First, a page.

N.J. Constitutional Convention: Vol. 4, Page 582
The Bearing of These Proposals on the Balance of Power in the State Government as a Whole
plished in the proposed draft through the reduction in the number of separate appointments and the increase in the independence of appointees resulting from complete unification of the courts, with all judges appointed for full-time, long-term service; and through the check of the Judicial Council on any tendency of a Governor to nominate judges on a purely political or personal basis.
Note on the Schedule
We have not attempted to write a Schedule applying to the Judicial Department because that would depend in part upon decisions made on the rest of the Constitution, and a good deal of detail in the Schedule would flow necessarily from the content of the Article itself. We merely want to call attention to two points which we think it is important to bear in mind in writing the Schedule:
- (1) It is important to avoid language such as is found in the Schedule of the present New Jersey Constitution which might be held to freeze existing jurisdictional concepts into the new court system. Presumably the Schedule would transfer the jurisdiction of the existing courts in toto to the Judicial Department, subject to immediate assignment according to the provisions of the Constitution and law or rule, and subject in general to future legislation.
- (2) Care must be taken in providing for the placing of existing judges in the new court system to avoid any unnecessary political repercussions. This probably means that some place should be found for every judge to fill out his present term, with the possible exception of non-lawyer members of the Court of Errors and Appeals, who might be taken care of in some other way if necessary.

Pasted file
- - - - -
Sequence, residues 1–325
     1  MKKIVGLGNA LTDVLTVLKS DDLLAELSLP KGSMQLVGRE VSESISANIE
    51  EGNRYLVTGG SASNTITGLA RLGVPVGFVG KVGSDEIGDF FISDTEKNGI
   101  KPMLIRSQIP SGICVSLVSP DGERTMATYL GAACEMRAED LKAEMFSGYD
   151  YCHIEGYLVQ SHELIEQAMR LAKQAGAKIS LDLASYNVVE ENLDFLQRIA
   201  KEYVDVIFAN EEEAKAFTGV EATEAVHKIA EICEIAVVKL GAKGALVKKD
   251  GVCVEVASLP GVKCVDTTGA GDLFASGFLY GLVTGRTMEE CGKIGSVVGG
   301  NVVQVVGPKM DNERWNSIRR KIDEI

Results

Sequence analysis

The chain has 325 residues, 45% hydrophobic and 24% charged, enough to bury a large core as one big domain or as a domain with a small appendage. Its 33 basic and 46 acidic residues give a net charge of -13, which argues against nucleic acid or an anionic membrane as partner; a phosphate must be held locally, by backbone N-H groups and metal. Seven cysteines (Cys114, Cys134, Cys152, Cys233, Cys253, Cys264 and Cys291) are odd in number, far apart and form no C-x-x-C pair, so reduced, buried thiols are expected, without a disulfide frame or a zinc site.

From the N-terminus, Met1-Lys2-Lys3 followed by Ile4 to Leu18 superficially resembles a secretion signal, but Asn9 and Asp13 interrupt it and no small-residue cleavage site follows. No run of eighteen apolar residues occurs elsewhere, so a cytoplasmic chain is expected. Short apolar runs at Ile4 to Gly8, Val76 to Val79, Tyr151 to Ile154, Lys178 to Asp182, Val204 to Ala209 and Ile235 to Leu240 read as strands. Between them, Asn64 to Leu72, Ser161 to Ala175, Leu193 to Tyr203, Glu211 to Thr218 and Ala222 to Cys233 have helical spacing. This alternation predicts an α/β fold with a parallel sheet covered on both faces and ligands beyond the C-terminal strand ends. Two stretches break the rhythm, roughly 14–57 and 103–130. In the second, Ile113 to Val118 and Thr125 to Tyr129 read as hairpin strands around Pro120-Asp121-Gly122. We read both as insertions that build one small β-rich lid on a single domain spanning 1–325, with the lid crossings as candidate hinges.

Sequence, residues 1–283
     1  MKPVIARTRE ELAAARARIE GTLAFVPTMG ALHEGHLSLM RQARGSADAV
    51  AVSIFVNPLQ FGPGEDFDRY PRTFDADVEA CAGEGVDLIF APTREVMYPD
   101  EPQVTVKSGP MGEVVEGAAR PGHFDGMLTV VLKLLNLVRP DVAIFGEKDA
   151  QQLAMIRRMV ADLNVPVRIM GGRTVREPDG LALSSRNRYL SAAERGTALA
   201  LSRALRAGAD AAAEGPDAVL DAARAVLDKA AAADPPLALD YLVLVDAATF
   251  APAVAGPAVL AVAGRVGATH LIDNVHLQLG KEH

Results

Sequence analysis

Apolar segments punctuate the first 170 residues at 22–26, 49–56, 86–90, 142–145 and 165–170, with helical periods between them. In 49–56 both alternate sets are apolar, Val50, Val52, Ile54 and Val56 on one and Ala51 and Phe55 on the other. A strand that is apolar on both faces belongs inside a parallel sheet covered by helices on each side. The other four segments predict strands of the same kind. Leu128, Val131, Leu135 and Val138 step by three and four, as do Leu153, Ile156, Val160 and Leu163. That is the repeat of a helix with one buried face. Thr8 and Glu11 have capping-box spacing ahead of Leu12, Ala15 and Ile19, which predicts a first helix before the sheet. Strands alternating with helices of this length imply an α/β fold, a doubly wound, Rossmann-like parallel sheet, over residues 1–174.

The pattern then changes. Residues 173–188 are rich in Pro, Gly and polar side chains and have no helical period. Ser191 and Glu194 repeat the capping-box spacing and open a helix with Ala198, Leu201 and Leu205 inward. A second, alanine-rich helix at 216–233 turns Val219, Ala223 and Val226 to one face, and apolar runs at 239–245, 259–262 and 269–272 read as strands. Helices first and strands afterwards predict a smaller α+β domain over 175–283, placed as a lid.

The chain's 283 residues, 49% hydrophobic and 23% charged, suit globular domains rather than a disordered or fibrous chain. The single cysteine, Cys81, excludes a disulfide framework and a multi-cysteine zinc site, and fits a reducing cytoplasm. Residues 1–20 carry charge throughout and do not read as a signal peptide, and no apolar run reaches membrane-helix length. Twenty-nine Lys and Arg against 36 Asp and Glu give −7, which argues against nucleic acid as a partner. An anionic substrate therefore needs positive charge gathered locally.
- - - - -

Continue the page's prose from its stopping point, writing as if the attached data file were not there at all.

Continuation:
It is especially important to avoid the political error made in 1944 of providing that the Governor in office when the new Constitution takes effect shall name all of the members of the new Supreme Court for life terms. The 1944 draft was open to the charge that it gave the Governor a chance to "pack" the Supreme Court for years to come. Perhaps a still more serious objection to such a provision is that unless the Governor were careful to appoint men of a variety of ages, it might automatically result in a Supreme Court composed of men who would all retire about the same time, thus giving an occasional Governor many appointments and intervening Governors few or none. Of course, the partisan objections would be greatly mitigated by establishment of the Judicial Council, but the political objection of a higher order would still remain. The undesirability of bunching the appointment of a majority of the members of the Supreme Court of the United States in a short period has been demonstrated by recent history. We suggest, therefore, that no matter what terms may be given to Supreme Court Justices in the future, all initial appointments to the Supreme Court shall be to fill the unexpired terms of the persons appointed.
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